FIFA reform plan would curb presidency, bring in more women
By Simon Evans and Brenna Hughes Neghaiwi
ZURICH (Reuters) - World soccer's scandal-hit governing body embraced reform proposals on Tuesday that would prevent anyone from holding its presidency for longer than 12 years, or past the age of 74, while giving women more say in the running of the sport.
The recommendations were put forward by a Reform Committee set up by FIFA in July in response to investigations by U.S. and Swiss authorities into high-level corruption in soccer.
They were unveiled 12 days after FIFA suspended Sepp Blatter, the 79-year-old who has led it since 1998 and is under investigation in his native Switzerland on suspicion of criminal mismanagement and misappropriation of funds.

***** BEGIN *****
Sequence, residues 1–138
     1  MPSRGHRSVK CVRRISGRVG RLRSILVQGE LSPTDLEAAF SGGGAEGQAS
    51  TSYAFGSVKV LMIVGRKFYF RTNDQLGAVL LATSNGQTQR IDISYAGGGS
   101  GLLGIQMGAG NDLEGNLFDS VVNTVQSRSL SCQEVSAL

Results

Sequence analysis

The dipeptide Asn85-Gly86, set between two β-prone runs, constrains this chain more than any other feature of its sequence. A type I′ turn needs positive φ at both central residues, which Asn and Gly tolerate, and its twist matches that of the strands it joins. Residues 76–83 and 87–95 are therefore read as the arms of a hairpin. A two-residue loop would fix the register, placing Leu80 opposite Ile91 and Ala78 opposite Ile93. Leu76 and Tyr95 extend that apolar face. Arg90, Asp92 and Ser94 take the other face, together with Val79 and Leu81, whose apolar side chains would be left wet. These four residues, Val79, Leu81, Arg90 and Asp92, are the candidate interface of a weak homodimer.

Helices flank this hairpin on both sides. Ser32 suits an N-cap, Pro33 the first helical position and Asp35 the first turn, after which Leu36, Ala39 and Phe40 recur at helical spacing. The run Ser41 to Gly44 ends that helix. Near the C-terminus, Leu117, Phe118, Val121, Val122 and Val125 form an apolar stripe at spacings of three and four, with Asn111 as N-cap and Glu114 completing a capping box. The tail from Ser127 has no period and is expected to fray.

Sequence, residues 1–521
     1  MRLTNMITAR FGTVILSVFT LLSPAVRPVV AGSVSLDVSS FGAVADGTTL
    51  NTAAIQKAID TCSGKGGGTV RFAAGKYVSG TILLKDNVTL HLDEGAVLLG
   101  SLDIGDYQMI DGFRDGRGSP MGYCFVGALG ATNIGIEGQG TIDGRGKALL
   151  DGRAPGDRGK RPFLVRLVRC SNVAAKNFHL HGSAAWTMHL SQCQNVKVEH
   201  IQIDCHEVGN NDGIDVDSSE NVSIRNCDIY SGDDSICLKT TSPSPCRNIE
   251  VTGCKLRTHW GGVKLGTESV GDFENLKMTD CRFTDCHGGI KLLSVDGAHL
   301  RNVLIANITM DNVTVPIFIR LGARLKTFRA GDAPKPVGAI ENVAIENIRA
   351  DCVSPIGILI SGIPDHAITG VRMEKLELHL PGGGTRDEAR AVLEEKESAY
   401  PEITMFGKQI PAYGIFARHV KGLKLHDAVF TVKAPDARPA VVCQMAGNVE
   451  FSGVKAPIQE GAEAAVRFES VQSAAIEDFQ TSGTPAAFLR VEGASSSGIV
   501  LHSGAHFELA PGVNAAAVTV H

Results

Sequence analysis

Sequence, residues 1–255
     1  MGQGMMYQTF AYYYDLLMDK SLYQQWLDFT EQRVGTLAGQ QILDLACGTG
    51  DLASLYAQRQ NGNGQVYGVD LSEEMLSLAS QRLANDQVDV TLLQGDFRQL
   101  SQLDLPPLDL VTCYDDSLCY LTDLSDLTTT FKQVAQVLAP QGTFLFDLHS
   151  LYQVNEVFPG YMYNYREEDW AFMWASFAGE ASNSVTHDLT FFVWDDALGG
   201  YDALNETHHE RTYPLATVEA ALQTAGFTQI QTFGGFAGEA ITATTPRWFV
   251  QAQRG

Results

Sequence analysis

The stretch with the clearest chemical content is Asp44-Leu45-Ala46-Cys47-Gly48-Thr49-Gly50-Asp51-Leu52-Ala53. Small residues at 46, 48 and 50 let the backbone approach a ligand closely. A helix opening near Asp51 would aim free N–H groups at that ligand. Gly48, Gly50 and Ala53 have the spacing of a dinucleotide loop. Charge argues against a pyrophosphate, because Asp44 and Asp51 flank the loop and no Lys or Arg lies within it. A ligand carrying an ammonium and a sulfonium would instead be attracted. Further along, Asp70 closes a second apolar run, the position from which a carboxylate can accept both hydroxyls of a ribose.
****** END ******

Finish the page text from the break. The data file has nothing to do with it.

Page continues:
"In order to restore confidence in FIFA, significant changes to FIFA’s institutional structure and operational processes are necessary to make them more transparent and accountable," the Reform Committee said in a statement.
"Essential changes to the culture of FIFA are necessary to effect lasting change on the organization and to restore FIFA’s reputation so that it can focus on its mission: to promote football throughout the world".
The crisis at FIFA, which began with the arrest of seven officials in a dawn raid on a Swiss luxury hotel in May, has tarnished the reputation of the sport and upset the powerful multinationals that sponsor its showpiece event, the World Cup.
FIFA's Executive Committee said it welcomed the proposals, under which the committee would be replaced by a new 'FIFA Council' including at least six women, one from each region.
A full set of proposals will be produced at the next executive committee in December and then be put to FIFA's congress on Feb. 26, where all 209 member associations will vote. Continued...